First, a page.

Regional health officials warn of measles risk

Regional health officials warn of measles risk

March 19th, 2011 by Emily Bregel in News


• High fever is usually the first sign, beginning 10 to 12 days after exposure.

• Runny nose, cough, red, watery eyes, and small white spots inside the cheek.

• Rash on the face and upper neck develops, which eventually spreads.

• Most deaths occur from complications related to the disease, including brain swelling, severe diarrhea and severe respiratory infections.

• Unvaccinated young children are at highest risk of measles but any non-immune person - anyone who hasn't been vaccinated or previously recovered from the disease - can become infected.

Source: World Health Organization

Georgia health officials are warning of the risk of measles in response to reports of cases of the infectious disease throughout the U.S.

"As measles cases continue to occur sporadically nationwide, now is the perfect time to remind Georgians of the role each of us plays in keeping our community healthy," Anil T. Mangla, director of infectious disease and immunization and acting state epidemiologist, said in a Thursday news release. "Getting immunized is the most effective way to prevent the spread of this preventable disease."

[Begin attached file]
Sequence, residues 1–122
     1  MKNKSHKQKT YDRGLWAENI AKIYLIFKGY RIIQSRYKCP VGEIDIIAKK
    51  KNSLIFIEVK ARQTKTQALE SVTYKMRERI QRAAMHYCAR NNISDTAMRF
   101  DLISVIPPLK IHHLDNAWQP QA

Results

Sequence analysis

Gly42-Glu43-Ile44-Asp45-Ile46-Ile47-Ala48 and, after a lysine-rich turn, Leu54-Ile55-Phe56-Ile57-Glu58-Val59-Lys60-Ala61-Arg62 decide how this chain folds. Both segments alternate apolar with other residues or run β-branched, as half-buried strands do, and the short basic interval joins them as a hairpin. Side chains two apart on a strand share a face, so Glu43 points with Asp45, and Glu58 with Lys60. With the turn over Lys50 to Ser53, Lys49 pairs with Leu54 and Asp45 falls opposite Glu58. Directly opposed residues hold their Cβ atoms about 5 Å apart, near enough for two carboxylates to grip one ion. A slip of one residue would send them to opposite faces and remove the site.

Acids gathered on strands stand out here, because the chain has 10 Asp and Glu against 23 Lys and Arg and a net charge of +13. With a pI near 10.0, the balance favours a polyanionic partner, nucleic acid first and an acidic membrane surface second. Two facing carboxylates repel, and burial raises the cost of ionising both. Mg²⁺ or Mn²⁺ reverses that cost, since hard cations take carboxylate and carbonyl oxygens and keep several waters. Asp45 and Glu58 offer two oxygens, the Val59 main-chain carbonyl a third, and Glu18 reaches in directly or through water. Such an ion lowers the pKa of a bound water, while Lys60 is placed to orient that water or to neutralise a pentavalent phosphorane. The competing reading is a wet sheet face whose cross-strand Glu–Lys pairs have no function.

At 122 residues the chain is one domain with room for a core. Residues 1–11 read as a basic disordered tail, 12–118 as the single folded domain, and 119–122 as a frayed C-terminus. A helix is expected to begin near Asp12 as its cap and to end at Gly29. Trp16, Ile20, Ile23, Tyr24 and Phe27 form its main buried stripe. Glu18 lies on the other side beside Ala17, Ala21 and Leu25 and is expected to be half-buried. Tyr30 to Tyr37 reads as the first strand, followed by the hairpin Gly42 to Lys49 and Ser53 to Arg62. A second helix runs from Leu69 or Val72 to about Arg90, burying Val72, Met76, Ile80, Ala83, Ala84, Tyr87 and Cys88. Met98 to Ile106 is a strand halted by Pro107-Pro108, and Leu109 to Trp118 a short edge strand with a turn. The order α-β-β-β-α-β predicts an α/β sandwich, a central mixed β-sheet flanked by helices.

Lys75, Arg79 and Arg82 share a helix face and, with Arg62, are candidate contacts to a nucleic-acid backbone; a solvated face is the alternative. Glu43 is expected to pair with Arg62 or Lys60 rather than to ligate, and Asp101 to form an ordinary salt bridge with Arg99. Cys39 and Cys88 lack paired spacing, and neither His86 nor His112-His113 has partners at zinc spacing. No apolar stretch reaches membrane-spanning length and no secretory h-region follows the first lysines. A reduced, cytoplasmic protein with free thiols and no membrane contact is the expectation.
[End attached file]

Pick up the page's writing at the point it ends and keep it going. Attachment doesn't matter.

two tennessee cases

No cases have been reported in Georgia, but two cases this year were reported in Tennessee.

Both patients, adults who contracted measles while traveling together in France, have recovered fully, said Dr. Kelly Moore, medical director of the Tennessee immunization program.

Immunization coverage levels in Europe have dropped after unfounded reports of vaccines causing autism, and vaccine coverage was low enough to allow measles to come back, Moore said.

"Often people don't think about being up on their shots to go to France or England or Switzerland," she said. "It's important for travelers to be up to date" on immunizations.

In the U.S., widespread immunization has made measles rare, but officials are emphasizing the importance of maintaining that coverage, in particular to protect children under age 1, who are too young to be immunized.

international risk

In Hamilton County, there has not been a measles case reported in 10 years, said Nettie Gerstle, communicable disease program manager for the Chattanooga-Hamilton County Health Department.

"However, with the frequency of national and international travel, the possibility of measles and other contagious diseases being brought into our community always exists," she said in an e-mail.

20 cases in u.s.

As of Feb. 11, there were 20 confirmed cases of measles in the U.S., according to the U.S. Centers for Disease Control and Prevention. Seventeen of those cases were linked to travel outside the U.S.

Measles is the leading cause of death among young children globally. The measles vaccine has resulted in a 78 percent drop in measles deaths between 2000 and 2008 worldwide, according to the World Health Organization.

Measles is an infection of the respiratory system caused by a virus, specifically a paramyxovirus of the genus Morbillivirus. The illness was commonly caught by children until the mid-20th century.